Shut-in sounds: 33 of the best industrial albums

Here's another musical round-up to keep you occupied while holed up in your pandemic command bunker. The Pitchfork title of this piece is "The 33 Best Industrial Albums of All Time," but homey don't play that horse race. Your mileage may vary. My mileage varies. What would you add to this list?

27 Chris and Cosey Heartbeat 1981 “Industrial music for us was about being industrious,” Cosey Fanni Tutti reflected of her time in the pioneering group Throbbing Gristle. “It wasn’t about industrial sounds.” Her point was proven when she and bandmate/partner Chris Carter formed a new duo after TG’s dissolution, veering away from the group’s harsh textures into lighter, more melodic territory. The music that comprises Heartbeat, their debut album, spans multiple genres—minimalist techno, spacey synth-pop, stretches of eerie ambience—while maintaining a rough, corroded edge. From the grinding pulse of opener “Put Yourself in Los Angeles” to the dazzling sci-fi title track, its vision and melding of textures influenced scores of electronic artists; it also provided a path for fellow industrial musicians to maintain their intensity while learning to lighten up and evolve. –Sam Sodomsky

20 Swans Greed/Holy Money 1986 Desecration, self-loathing, flesh, power: This is the scripture of Swans, the infamously loud and transgressive New York noise band led for decades by Michael Gira. By Greed/Holy Money, they had blown up their sound—two bassists, three drummers, the vocalist Jarboe—to become a chamber group of hulking, post-industrial aggression, marching against the bull market of New York’s cocaine decadence in the mid-’80s. Read the rest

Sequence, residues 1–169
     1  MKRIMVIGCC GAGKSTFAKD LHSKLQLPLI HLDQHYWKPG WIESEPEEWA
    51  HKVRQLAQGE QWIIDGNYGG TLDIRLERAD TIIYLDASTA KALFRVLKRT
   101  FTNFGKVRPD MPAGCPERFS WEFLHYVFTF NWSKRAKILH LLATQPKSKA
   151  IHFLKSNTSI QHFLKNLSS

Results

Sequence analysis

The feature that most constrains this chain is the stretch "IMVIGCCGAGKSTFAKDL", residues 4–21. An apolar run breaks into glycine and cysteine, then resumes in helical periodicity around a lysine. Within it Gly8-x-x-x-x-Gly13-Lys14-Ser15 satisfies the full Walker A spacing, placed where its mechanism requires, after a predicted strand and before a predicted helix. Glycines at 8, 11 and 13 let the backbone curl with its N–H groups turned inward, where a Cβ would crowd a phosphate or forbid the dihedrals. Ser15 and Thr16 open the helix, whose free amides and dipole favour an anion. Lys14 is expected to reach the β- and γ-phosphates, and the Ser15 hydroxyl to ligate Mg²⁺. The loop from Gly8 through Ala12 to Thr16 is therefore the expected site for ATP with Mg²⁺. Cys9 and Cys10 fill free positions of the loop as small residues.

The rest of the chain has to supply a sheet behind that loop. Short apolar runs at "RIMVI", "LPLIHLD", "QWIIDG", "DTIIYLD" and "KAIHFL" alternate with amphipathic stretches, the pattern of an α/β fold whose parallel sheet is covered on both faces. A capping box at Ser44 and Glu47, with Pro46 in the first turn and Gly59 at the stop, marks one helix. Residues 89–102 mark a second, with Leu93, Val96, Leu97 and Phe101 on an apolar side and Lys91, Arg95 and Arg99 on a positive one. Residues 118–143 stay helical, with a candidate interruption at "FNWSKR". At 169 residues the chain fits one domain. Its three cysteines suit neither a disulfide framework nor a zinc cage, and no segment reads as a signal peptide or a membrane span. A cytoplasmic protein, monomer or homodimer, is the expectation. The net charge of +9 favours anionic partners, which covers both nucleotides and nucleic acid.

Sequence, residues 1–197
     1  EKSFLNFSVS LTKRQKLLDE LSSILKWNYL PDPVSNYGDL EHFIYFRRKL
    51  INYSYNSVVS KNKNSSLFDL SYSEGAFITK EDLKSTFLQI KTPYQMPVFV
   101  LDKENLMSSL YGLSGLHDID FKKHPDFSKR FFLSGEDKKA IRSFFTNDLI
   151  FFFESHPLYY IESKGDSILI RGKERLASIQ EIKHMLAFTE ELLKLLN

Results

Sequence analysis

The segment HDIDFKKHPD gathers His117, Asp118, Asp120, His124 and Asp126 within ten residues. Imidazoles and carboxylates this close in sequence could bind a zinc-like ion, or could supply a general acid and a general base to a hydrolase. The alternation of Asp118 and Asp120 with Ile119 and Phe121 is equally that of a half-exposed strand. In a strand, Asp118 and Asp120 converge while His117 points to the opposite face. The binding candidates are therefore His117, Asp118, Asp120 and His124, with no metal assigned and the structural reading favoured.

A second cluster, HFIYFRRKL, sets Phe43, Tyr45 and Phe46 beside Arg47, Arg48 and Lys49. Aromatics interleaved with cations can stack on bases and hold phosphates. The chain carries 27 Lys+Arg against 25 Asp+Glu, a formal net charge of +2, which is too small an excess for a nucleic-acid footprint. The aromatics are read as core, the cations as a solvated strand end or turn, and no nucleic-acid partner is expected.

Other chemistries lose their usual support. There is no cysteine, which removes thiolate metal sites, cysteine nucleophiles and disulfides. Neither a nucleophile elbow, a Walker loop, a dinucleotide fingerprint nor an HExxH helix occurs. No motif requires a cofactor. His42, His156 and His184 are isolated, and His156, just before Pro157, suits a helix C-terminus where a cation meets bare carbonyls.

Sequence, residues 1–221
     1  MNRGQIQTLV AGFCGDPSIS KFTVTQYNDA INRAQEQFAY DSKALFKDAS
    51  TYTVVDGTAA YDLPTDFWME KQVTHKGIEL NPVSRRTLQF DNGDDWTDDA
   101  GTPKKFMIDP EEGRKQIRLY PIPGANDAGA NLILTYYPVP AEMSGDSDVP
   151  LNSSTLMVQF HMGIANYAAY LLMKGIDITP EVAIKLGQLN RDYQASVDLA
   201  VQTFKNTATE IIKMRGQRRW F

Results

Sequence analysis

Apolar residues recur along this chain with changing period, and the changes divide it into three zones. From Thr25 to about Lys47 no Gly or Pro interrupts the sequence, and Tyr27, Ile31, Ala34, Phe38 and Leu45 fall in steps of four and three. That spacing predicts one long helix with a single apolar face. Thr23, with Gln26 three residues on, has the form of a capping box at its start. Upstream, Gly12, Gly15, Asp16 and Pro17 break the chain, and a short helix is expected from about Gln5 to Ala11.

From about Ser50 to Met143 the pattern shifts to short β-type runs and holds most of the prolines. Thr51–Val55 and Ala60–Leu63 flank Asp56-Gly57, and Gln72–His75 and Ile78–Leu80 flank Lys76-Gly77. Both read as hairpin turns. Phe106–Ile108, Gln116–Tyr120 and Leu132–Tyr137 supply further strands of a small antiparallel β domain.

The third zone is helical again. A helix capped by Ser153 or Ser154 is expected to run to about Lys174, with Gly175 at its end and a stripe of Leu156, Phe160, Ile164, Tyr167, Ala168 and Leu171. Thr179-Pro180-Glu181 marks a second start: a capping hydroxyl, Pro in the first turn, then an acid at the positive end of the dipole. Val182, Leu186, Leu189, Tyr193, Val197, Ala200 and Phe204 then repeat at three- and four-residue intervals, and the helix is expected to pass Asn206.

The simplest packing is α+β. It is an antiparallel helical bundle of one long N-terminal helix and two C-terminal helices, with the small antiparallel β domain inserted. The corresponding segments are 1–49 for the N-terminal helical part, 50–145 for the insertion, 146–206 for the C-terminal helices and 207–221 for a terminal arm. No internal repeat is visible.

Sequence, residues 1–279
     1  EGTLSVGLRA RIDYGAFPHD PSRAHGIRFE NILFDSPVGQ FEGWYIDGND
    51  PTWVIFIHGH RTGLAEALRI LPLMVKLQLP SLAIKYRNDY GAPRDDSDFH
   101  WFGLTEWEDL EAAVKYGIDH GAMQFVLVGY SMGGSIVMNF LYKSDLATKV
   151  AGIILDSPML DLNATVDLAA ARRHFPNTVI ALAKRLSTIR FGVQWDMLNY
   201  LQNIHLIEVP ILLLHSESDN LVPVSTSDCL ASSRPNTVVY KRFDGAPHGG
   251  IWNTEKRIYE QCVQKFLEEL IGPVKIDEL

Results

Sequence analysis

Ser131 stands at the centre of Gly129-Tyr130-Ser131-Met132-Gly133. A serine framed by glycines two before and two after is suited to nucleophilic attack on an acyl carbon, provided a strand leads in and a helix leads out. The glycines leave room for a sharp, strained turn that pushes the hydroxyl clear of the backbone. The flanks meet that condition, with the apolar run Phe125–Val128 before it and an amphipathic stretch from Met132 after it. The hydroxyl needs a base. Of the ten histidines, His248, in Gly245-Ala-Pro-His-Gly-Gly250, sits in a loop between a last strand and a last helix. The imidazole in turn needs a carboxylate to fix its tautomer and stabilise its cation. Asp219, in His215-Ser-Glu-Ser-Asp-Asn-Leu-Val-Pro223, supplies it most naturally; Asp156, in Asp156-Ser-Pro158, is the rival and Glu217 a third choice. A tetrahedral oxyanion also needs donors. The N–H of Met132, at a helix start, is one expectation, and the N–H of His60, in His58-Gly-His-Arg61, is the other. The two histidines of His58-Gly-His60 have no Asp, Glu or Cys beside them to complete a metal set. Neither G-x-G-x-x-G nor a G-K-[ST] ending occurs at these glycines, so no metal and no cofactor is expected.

Lose your mind in this new track from Cosey Fanni Tutti (Throbbing Gristle, Chris & Cosey)

Boing Boing friend Cosey Fanni Tutti of pioneering experimental/electronic/art groups Throbbing Gristle, Chris & Cosey, and Coum Transmissions will release a new solo album, Tutti, in February. This is her first solo record since Time To Tell in 1982. Above is the title track, a pulsing (throbbing?) soundscape of electronic rhythm, noise, and Cosey's glorious trumpet. Cosey composed these new tracks as the soundtrack to her autobiographical slideshow Harmonic COUMaction, part of last year's COUM Transmissions retrospective in Hull, England.

"Working on the COUM Transmissions exhibition also coincided with writing my autobiography - collating archive material and re-engaging with my past," Cosey told The Quietus. "My work is a continuum, the past feeding the present and vice versa. The album is an interpretation of my past and present, of my understanding the shifting perceptions of how they inform one another. One form creating another through a metamorphic process."

A gentle reminder about a not-so-gentle book: Cosey's 2017 memoir "Art Sex Music," is a must-read for anyone interested in the history of avant-garde music, performance art, underground culture, radical living, and female empowerment.

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